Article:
On movie shoots where the frame shows several actors all acting like they are looking at a moving object, like a home run, a moving car, or a falling object, all actors’ eyes should appear to follow the same path. This keeps the illusion that they are all watching action external to the shot. However, since the baseball, car or object are not really there, the actors must somehow coordinate their gaze. That’s where the Motion Director comes in.
The Motion Director system consists of multiple battery-powered wireless devices, called “Rangers”. These devices are small, and have bright red and green LEDs. The Rangers are deployed at a distance away from the actors to emulate the fictional object’s path, placed at regular intervals. All of the Rangers display green lights when ready. The actors are instructed to cast their eyes at the Ranger displaying red LEDs when activated.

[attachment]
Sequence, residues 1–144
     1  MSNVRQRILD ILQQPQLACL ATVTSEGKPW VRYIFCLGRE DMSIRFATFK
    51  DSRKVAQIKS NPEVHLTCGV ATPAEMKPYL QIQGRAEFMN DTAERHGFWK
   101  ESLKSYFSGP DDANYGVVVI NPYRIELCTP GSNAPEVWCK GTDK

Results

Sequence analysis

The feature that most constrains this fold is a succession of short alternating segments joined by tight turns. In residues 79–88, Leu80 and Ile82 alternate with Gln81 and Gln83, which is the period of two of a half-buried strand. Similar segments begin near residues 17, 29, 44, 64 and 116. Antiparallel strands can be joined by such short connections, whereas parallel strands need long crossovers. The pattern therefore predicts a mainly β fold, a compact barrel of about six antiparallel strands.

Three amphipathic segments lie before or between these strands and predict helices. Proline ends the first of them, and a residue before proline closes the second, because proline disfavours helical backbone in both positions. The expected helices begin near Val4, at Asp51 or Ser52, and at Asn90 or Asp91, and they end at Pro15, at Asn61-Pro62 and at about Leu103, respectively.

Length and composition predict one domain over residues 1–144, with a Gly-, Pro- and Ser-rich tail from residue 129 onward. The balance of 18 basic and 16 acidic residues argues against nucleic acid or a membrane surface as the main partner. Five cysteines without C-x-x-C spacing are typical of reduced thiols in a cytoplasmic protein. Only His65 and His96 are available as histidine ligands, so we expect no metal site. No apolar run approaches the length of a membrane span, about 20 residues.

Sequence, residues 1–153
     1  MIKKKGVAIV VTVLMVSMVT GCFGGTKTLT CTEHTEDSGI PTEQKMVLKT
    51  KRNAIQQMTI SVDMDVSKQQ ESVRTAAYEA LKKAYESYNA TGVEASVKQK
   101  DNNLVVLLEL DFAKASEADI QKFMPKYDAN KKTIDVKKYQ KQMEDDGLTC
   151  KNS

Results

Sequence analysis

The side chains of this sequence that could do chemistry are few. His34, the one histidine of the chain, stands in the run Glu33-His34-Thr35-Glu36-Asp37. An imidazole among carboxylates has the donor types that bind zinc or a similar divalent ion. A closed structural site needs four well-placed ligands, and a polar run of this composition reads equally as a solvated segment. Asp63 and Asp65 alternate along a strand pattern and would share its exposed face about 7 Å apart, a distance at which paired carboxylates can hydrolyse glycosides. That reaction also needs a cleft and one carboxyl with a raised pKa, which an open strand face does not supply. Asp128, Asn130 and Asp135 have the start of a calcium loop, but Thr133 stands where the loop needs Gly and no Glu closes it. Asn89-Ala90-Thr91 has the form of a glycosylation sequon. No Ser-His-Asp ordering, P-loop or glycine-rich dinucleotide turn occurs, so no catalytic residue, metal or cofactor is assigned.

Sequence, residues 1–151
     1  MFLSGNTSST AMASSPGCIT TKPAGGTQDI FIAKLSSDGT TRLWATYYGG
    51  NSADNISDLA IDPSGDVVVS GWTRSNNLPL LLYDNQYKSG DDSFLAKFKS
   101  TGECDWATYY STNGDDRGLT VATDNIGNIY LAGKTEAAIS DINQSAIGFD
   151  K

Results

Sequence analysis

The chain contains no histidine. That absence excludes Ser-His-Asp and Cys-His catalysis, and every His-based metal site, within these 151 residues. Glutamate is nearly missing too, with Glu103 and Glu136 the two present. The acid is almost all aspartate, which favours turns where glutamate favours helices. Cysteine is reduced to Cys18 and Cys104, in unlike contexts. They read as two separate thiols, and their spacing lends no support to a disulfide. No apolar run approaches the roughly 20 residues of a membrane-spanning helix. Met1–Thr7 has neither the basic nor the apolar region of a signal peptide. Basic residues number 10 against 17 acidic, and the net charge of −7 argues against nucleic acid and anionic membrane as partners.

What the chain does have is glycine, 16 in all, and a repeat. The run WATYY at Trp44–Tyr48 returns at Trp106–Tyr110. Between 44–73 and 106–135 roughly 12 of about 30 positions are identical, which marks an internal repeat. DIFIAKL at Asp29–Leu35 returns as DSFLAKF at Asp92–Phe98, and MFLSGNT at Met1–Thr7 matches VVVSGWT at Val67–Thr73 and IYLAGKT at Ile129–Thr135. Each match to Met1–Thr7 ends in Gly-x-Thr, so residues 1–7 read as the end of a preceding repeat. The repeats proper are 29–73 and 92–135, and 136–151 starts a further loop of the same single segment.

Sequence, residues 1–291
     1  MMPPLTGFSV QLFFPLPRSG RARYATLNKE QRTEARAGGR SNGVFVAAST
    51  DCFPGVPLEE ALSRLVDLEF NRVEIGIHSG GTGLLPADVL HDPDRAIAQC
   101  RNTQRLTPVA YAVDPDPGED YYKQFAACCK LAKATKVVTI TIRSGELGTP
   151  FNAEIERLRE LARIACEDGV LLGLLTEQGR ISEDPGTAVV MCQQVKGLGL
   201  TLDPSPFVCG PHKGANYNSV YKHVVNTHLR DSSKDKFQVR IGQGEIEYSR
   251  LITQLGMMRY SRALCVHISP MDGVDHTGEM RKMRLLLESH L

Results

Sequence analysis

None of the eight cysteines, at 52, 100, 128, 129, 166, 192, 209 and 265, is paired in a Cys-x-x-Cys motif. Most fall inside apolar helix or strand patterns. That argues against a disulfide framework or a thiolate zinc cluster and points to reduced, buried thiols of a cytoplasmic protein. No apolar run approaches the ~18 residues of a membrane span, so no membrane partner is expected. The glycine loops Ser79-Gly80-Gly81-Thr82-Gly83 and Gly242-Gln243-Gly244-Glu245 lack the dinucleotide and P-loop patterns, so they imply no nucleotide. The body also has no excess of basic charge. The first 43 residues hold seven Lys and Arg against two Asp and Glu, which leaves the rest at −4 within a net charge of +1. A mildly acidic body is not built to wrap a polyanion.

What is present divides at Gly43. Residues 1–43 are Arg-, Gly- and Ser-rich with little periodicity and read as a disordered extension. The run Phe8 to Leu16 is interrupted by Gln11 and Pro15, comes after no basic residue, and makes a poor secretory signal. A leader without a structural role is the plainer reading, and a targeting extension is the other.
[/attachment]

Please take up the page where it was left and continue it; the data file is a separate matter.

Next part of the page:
Under control of the film’s director, a wand is tilted to operate the device. As the wand is tiled, the first Ranger LED will turn red. As the arc of the wand tilt is increased, this will trigger, in sequence, turning the first Ranger’s LED back to green, and turning the next Ranger’s LED to red. As the wand is fully tilted, the last Ranger will remain red. The sequence will also work in reverse. Additionally, the wand has a button with two functions. Tapping the button once calibrates the wand position to begin the movement. Holding the button more than a moment down sends a command to light all Rangers blue. This can be used to tell the actors to simultaneously act surprised at the end of the sequence, as if the ball was caught, the car crashed or the falling object lands.